How would you like to travel around France this summer and deduct the expenses from your income tax? Your friendly, helpful Internal Revenue Service is inviting some lucky taxpayers to do just that.

Looking up from their ledger sheets long enough to note the arrival of summer, the folks in the Baltimore district office of the IRS sent out a reminder that teachers who "travel to maintain or enhance their education skills" while school is out can write off the cost.

Jane Doe, a hypothetical French teacher, is planning to spend her summer in France, "visiting schools and families, attending movies, plays and lectures in the French language," the IRS notice says. She can deduct the cost of meals and lodging and the cost of tuition, books and lab fees for any courses she takes.

Of course, this offer isn't open to everybody. The travel has to be directly related to the teacher's work. "Teachers of English or math cannot deduct the cost of a similar trip," the IRS said. The notice did not say where a math teacher might go that would be directly related to his or her job, but it said that, in general, travel costs are deductible if the "major part of the activities during the travel directly maintains or improves" the teacher's skills.

A recent communication from Michael Murphy, the IRS district director in Atlanta, was a lot less convivial in tone.

Murphy's office released the text of a letter he wrote to a taxpayer who invested in a tax-shelter promotion that the IRS considers "abusive" and therefore not deductible under the 1982 tax law, warning him that he'd get hit with penalities if he tried to claim it on his next return.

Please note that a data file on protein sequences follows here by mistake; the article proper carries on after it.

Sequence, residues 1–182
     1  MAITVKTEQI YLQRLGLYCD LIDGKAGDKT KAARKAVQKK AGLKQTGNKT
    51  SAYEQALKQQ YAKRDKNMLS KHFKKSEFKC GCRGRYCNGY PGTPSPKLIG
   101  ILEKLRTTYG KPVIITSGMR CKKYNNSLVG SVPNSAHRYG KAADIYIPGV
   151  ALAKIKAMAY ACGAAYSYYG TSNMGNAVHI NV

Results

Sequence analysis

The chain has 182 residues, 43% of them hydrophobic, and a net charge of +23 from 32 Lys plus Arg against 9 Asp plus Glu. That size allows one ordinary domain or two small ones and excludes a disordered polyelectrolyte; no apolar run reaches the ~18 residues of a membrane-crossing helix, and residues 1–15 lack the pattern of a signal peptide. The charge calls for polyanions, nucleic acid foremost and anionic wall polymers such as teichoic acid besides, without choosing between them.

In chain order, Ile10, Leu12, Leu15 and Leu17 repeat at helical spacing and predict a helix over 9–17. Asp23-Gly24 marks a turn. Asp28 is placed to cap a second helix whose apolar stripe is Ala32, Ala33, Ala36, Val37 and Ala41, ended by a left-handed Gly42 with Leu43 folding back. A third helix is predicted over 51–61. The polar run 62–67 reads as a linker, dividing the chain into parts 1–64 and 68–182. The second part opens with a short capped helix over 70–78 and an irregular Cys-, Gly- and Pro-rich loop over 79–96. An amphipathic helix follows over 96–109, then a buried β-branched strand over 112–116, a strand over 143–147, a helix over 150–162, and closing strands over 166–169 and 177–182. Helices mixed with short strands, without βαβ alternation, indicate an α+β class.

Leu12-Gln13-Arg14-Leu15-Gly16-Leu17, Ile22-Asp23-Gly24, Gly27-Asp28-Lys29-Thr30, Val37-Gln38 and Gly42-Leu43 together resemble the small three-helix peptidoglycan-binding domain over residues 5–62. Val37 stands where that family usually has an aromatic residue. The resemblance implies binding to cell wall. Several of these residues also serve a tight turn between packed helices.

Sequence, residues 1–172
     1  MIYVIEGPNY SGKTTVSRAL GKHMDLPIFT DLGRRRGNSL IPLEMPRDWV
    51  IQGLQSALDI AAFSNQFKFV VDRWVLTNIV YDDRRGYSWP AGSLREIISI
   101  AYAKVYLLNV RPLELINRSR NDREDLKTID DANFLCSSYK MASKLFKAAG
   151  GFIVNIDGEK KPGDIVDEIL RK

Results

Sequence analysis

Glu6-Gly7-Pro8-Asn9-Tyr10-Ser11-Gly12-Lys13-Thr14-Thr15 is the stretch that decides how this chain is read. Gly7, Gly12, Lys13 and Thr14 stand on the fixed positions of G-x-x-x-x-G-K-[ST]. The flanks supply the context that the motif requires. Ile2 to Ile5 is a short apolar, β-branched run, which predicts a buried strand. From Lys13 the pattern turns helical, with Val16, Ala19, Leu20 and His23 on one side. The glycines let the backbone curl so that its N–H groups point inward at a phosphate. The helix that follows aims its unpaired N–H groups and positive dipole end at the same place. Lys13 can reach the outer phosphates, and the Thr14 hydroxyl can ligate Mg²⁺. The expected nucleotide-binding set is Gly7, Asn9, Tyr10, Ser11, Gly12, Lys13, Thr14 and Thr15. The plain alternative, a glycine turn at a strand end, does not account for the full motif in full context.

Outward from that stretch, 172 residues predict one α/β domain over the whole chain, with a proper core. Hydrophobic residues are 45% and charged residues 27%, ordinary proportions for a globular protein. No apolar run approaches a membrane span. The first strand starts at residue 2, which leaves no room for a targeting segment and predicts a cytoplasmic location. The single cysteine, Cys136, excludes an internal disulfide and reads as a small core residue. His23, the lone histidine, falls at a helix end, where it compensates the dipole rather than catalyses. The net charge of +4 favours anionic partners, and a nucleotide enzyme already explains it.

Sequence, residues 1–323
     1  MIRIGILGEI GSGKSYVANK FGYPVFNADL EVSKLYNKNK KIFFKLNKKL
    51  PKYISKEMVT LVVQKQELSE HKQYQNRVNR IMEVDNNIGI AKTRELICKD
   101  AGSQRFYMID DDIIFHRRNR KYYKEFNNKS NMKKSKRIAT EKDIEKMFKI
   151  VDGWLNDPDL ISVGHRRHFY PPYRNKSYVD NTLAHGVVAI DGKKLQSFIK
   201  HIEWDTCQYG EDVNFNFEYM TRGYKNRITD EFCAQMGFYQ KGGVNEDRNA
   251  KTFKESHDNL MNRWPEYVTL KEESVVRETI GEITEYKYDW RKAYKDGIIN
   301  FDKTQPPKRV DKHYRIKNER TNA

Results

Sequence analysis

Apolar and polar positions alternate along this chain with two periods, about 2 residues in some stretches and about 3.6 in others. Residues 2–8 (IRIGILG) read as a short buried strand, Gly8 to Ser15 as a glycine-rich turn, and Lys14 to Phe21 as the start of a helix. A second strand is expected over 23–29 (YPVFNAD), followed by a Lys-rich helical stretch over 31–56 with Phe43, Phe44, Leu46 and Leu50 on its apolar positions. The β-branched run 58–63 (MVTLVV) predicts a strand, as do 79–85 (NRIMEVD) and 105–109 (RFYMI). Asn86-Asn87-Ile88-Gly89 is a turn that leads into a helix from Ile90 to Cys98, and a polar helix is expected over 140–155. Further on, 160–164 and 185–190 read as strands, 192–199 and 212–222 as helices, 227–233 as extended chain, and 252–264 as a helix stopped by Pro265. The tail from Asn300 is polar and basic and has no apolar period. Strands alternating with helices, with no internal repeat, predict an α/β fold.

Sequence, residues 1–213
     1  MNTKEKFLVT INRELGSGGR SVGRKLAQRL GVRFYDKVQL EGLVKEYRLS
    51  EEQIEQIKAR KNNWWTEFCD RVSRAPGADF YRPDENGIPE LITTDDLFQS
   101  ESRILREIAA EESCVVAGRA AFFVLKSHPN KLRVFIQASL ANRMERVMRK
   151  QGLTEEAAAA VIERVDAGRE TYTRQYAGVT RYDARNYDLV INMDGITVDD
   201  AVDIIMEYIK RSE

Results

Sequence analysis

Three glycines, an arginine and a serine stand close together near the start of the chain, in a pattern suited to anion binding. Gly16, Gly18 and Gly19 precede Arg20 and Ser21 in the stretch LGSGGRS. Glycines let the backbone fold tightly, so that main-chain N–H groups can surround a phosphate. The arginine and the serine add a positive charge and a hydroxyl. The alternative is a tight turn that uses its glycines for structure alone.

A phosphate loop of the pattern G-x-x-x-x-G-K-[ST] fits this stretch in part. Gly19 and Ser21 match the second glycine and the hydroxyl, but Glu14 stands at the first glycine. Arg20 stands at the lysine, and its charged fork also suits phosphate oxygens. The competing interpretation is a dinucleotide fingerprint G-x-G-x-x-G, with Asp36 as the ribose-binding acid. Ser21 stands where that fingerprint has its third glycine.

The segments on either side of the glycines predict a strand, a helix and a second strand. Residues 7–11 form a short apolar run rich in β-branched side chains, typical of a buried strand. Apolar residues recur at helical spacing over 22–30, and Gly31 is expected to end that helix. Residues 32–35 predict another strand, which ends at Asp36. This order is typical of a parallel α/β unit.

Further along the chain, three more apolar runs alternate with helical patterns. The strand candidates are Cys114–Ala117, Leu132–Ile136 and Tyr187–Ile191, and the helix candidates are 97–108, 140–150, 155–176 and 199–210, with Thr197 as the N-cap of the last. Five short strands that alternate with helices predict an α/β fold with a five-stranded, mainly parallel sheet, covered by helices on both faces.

Usually the IRS waits until a return is filed before challenging a deduction, but associate commissioner Philip E. Coates recently told Congress that the agency is planning to use more of these preemptive strikes in an effort to discourage the promoters of fraudulent taxpayers by frightening away investors.

Murphy's letter said the IRS had "information" that the taxpayer had invested in a particular tax shelter. "Based upon our review of that promotion, we have determined that the purported tax deductions are not allowable. If you claim such deductions on your income tax return, your return will be examined and the deductions disallowed," the letter continued, and the taxpayer faces negligence and overvaluation penalties if he tries to claim them.

The IRS wants Congress to require that tax-shelter promoters give the IRS the names of everyone who invests in them, so that this kind of advance warning can be sent to all investors.

Without such a requirement, Coates said, investors can't be headed off in advance, and once the shelter is operating there is no way of telling how many taxpayers are participating in it. If the names are registered, discovery of a questionable shelter during an audit of one taxpayer would enable the IRS to scrutinize the returns of all others participating in the same scheme.

Coates, who was representing the IRS while commissioner Roscoe L. Egger Jr. recuperated from surgery, said some tax-shelter promoters have been "openly breaking the law" by packaging phony investments such as nonexistent gold mines. In 1982, he said, the IRS criminal division recommended prosecuting 102 promoters of allegedly fraudulent shelters that had signed up 13,000 investors.

Since the beginning of 1982, he said, 29 of these promoters have been sentenced to jail.